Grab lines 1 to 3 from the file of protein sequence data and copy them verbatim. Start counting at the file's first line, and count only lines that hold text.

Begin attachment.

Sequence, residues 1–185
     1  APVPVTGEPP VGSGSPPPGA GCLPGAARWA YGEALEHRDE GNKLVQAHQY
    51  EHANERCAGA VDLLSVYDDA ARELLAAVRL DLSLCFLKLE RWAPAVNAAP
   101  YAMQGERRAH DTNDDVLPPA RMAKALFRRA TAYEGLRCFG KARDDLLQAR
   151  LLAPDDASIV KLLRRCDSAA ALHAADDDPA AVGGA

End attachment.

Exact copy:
Sequence, residues 1–185
     1  APVPVTGEPP VGSGSPPPGA GCLPGAARWA YGEALEHRDE GNKLVQAHQY
    51  EHANERCAGA VDLLSVYDDA ARELLAAVRL DLSLCFLKLE RWAPAVNAAP